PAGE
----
Do not consider the exception, or the individual work. Frankly, I wonder and ask even those artists who systematically refrain from giving titles to their works:
"You have just painted the 11th untitled work of an imageless series that you don't name, which is not accompanied by any kind of statement/conceptual framework. Years and times will pass, and a museum will acquire for its permanent collection your famous work 'Untitled, acrylic on canvas, dimensions 100 x 150 centimetres, 2017.' Meanwhile, as you progress significantly, many art enthusiasts will have acquired your works. Among them will be other published and renowned pieces of yours: for example, we could mention 'Untitled, acrylic on canvas, dimensions 50 x 70 centimetres, 2019,' as well as 'Untitled, acrylic on canvas, dimensions 120 x 180 centimetres, 2012.' And, of course, the unforgettable 'Untitled, acrylic on canvas, dimensions 40 x 60 centimetres, 2016,' with which you participated in the Art Fair of Paris. Your works, of course, will not belong to a series, as you are a 'quality and not commercial artist,' and they will not be accompanied by any kind of statement, as your job is 'to paint, not to write.' Naturally, now that you have become famous, you don't need to be concerned about all of this. You unquestionably belong to the avant-garde. Well-known Art Theorists will take it upon themselves to write about your works, saying 'whatever the viewer understands' because these works show 'what the viewer comprehends'...
Personally, I consider the choice of artists not to systematically provide any information about their works, not even a title, an uninformed, thoughtless, reactive, immature, and highly damaging stance, primarily for themselves and secondarily for the relationship of art with Greek society. The gap deepens with anyone who truly cares about the arts. Those who treat works of art as a sport for a wealthy, frivolous elite engaged in indifferent, expensive decorative objects are rewarded in the eyes of society.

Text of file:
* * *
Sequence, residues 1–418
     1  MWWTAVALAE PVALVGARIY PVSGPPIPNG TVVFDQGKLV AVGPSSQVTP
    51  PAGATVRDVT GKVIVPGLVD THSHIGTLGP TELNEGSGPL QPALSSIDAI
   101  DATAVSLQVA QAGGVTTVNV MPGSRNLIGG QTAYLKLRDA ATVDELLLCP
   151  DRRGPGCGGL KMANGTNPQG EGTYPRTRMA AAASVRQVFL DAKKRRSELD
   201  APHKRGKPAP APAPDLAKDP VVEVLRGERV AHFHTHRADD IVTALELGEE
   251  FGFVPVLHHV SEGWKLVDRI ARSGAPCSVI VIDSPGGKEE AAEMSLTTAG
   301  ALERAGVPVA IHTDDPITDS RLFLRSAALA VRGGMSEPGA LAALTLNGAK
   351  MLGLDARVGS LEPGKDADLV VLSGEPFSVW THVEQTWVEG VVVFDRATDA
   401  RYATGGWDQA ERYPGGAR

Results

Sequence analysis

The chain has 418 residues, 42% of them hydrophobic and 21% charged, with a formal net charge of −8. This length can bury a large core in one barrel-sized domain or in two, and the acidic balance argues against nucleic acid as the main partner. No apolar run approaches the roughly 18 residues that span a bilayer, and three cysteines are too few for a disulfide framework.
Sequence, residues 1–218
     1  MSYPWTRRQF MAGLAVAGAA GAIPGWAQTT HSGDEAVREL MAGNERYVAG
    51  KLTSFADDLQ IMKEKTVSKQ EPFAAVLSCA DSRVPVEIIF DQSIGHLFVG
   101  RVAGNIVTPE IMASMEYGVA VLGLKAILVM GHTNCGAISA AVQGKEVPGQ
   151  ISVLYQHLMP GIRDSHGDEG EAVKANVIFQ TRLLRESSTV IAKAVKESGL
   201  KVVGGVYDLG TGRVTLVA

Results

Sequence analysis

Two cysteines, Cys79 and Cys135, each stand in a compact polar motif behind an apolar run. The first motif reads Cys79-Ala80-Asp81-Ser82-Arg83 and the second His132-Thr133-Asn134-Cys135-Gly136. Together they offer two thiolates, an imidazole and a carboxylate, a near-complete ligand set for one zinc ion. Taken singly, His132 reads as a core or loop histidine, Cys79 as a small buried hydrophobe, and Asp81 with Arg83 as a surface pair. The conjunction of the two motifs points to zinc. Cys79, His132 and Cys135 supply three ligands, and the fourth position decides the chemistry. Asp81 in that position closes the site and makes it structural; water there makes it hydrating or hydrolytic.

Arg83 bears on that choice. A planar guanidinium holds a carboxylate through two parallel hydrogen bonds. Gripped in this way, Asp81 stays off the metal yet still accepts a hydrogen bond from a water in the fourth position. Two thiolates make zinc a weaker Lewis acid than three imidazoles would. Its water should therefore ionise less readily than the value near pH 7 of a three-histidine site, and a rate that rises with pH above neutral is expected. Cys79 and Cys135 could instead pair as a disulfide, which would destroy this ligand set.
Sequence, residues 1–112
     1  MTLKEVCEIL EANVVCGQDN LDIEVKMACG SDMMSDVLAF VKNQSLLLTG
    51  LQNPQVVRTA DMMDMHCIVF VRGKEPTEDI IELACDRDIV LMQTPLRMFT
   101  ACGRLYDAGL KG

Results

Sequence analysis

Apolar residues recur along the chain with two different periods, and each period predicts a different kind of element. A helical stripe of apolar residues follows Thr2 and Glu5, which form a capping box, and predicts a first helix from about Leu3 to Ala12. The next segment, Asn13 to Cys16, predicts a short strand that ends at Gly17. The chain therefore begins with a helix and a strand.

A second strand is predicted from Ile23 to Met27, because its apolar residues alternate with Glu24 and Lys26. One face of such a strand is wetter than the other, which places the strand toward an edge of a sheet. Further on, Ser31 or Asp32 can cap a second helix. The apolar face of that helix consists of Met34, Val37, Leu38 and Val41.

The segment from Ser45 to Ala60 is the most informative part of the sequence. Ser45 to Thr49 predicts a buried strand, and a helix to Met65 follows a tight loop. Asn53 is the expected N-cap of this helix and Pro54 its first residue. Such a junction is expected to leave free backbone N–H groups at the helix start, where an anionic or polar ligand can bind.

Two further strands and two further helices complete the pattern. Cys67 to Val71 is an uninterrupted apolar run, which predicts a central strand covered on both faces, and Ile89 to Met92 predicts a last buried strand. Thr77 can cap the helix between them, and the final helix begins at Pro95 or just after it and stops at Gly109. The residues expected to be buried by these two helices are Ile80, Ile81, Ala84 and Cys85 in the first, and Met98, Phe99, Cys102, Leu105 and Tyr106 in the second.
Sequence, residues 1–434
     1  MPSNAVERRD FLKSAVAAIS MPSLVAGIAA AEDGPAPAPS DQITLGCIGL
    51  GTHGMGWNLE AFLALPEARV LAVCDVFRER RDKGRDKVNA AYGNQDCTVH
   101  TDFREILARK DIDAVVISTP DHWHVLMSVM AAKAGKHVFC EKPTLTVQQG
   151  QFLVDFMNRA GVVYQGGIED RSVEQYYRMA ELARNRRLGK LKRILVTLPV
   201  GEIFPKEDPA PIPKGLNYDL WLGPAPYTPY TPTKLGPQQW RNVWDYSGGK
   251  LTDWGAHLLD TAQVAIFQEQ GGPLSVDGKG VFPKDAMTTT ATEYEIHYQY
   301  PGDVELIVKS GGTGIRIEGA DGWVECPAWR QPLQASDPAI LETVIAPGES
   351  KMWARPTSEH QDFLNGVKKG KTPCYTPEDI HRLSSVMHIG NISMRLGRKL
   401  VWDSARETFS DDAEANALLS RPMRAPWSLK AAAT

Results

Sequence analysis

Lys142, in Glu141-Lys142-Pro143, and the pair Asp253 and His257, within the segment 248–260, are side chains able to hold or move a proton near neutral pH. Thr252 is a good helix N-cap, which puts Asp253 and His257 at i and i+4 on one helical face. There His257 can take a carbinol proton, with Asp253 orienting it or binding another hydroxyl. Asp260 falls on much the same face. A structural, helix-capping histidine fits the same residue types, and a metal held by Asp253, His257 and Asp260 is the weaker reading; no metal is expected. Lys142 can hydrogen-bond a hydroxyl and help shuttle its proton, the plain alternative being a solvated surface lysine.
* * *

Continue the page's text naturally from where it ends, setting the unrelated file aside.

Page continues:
Substantive works of art, representational or not, abstract or expressionistic, captured with contemporary or classical means, serve as a starting point for the artist's thoughts, knowledge, and emotions. They are conveyors of messages, occasionally declarations, and often bring us face to face with thoughts and visual perspectives we do not wish to see. Visual artists, with their works, 'give voice to those who want to speak but lack a mouth,' as written by an American author. However, the work itself needs to be associated with a clear standpoint, a visual angle, a play of logic and imagination, something minimal to hold onto. The starting point of one thought doesn't hinder another: without it, art is colours and shapes on surfaces and other objects without reason for existence. It's prematurely born babies that died at birth, incomplete sentences, an incomplete symbol that remains a blank letter.